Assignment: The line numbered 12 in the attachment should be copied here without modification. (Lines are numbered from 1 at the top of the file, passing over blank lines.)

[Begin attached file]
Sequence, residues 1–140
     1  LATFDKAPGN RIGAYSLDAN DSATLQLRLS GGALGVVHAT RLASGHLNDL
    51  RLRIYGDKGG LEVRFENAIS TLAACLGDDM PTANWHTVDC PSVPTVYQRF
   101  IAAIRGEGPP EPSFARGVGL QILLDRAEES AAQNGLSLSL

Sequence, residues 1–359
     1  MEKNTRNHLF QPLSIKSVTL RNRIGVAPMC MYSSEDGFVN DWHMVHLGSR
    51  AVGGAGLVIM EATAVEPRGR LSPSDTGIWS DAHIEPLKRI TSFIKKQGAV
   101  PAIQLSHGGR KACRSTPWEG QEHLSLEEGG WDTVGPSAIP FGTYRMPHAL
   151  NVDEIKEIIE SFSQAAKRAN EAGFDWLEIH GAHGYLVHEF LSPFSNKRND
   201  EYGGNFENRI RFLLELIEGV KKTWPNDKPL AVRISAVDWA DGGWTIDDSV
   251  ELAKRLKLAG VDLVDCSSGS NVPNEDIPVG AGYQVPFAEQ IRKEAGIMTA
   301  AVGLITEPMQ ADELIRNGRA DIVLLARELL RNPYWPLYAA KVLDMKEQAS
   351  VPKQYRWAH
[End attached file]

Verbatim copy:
   301  AVGLITEPMQ ADELIRNGRA DIVLLARELL RNPYWPLYAA KVLDMKEQAS